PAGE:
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Bitcoin is stalling — here's why Warren Buffett may be feeling smug

·4 min read
Bitcoin is stalling — here's why Warren Buffett may be feeling smug
Bitcoin is stalling — here's why Warren Buffett may be feeling smug

The year so far has been bumpy for Bitcoin — and now it's slouching toward mediocrity.

After hitting an all-time peak of $69,000 per unit in November of 2021, the world's leading digital currency has since lost nearly 70% of its value, leaving it hovering around $20,000 for the last two months.

Holdout investors who only a few short months ago may have thought they’d missed the opportunity of a lifetime are now sighing with relief; meanwhile, those who bought in at the peak are likely avoiding thinking too hard about their losses.

And what about Warren Buffett? What would the world's most famous investor say to those who might be thinking of firing up their investment apps and buying Bitcoin at a bargain price?

Buffett has made his share of cutting remarks about Bitcoin and cryptocurrency over the years: “I don't have any Bitcoin. I don't own any cryptocurrency, I never will,” he told CNBC in 2020.

He even once compared it to “rat poison squared.”

Here are three reasons Buffett won’t go near it.

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1. It has ‘no unique value at all’

The billionaire investor doesn’t like Bitcoin because he considers it an unproductive asset.

Buffett has a well-known preference for stocks of corporations whose value — and cash flow — come from producing tangible things. But cryptocurrencies don’t have real value, Buffett said in a CNBC interview in 2020.

“They don't reproduce, they can't mail you a check, they can't do anything, and what you hope is that somebody else comes along and pays you more money for them later on, but then that person's got the problem.”

Though Bitcoin is intended to provide real value as a payment system, that use is still pretty limited. As Buffett sees it, Bitcoin’s value comes from the optimism that someone else will be willing to pay more for it in the future than you’re paying today.

2. He doesn’t think crypto counts as money

As a tradeable asset, Bitcoin has boomed. But does it meet the three criteria of money? According to the most common definition, money is supposed to be a means of exchange, a store of value and a unit of account.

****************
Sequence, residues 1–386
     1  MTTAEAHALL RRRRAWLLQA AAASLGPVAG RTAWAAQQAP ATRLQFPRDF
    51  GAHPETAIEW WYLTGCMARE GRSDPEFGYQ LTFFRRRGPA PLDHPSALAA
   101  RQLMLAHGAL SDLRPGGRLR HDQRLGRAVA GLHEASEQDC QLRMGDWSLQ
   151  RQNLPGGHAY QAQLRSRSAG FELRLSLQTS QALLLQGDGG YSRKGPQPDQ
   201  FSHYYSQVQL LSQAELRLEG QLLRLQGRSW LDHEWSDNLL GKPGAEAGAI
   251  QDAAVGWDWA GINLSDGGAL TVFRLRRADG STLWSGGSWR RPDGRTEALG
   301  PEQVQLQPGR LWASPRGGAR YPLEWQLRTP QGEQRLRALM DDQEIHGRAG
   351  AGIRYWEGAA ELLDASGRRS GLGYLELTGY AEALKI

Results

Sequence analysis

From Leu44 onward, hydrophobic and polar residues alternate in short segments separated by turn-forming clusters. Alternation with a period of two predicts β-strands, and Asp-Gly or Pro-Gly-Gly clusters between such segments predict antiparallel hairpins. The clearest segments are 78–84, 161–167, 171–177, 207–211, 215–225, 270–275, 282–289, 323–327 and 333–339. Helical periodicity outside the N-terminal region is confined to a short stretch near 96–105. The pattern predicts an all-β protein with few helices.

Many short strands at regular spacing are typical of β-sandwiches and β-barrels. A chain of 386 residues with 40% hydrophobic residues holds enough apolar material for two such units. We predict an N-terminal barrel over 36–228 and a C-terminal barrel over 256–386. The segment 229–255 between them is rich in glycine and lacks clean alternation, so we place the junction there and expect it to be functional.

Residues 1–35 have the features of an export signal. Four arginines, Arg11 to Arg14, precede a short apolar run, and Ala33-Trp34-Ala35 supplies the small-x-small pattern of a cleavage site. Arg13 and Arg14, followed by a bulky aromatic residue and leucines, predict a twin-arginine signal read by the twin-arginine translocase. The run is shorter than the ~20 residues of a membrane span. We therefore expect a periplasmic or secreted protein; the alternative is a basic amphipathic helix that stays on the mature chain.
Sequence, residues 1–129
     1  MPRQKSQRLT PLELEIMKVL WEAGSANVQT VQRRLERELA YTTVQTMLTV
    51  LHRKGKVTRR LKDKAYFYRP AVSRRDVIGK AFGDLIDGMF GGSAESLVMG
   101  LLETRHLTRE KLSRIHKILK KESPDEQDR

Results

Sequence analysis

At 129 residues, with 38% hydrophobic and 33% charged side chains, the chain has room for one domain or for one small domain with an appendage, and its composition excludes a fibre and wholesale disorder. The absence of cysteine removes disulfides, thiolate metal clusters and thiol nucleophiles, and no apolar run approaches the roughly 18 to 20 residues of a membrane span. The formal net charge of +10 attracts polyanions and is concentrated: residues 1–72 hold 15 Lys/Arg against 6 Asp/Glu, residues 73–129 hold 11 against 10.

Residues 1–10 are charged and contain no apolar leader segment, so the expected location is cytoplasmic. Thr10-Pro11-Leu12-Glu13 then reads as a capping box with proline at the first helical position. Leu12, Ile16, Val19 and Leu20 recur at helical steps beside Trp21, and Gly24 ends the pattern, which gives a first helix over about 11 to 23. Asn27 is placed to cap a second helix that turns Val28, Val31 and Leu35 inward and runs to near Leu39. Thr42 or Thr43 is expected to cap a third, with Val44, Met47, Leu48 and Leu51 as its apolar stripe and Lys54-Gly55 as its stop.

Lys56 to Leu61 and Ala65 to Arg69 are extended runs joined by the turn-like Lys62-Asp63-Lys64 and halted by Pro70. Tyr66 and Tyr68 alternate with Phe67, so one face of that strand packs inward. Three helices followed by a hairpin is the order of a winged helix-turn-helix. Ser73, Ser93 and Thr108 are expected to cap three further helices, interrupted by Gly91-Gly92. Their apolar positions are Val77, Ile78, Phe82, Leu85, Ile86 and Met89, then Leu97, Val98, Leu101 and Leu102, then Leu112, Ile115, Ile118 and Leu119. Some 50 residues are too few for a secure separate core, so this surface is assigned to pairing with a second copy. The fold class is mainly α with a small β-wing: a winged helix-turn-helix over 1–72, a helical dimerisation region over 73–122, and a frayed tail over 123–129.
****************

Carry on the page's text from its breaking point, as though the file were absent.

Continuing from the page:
But Buffett calls it a “mirage.”

“It does not meet the test of a currency,” the billionaire said on CNBC in 2014. “It is not a durable means of exchange, it's not a store of value.”

He adds that it’s a very effective way of anonymously transmitting money. But: “a check is a way of transmitting money too,” he argued. “Are checks worth a whole lot of money just because they can transmit money?”

3. He doesn’t understand it

Buffett became one of the most successful investors in history by sticking only to stocks he understands.

"I get in enough trouble with things I think I know something about. Why in the world should I take a long or short position in something I don't know anything about?”

But people like to gamble, he told CNBC after a 2018 Berkshire Hathaway annual meeting, which is another problem with non-productive assets.

“If you don’t understand it, you get much more excited than if you understand it. You can have anything you want to imagine if you just look at something and say, ‘that’s magic.’”

How does Buffett pick winning stocks?

The billionaire investor follows the value investing strategy — which focuses on buying undervalued stocks of strong companies and holding them for a long time.

Simple, right?

Berkshire Hathaway looks for companies with a good profit margin and produce unique products that can’t easily be substituted. As Buffett once said in a letter to his shareholders, “It’s far better to buy a wonderful company at a fair price than a fair company at a wonderful price.”

But his distaste for crypto stocks doesn’t necessarily mean you should dump all your Bitcoin. Even the billionaire has come around on sectors he previously spoke out against.

He notoriously avoided tech stocks — even at the height of the dot-com bubble — and now his company’s largest holding is Apple.

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This article provides information only and should not be construed as advice. It is provided without warranty of any kind.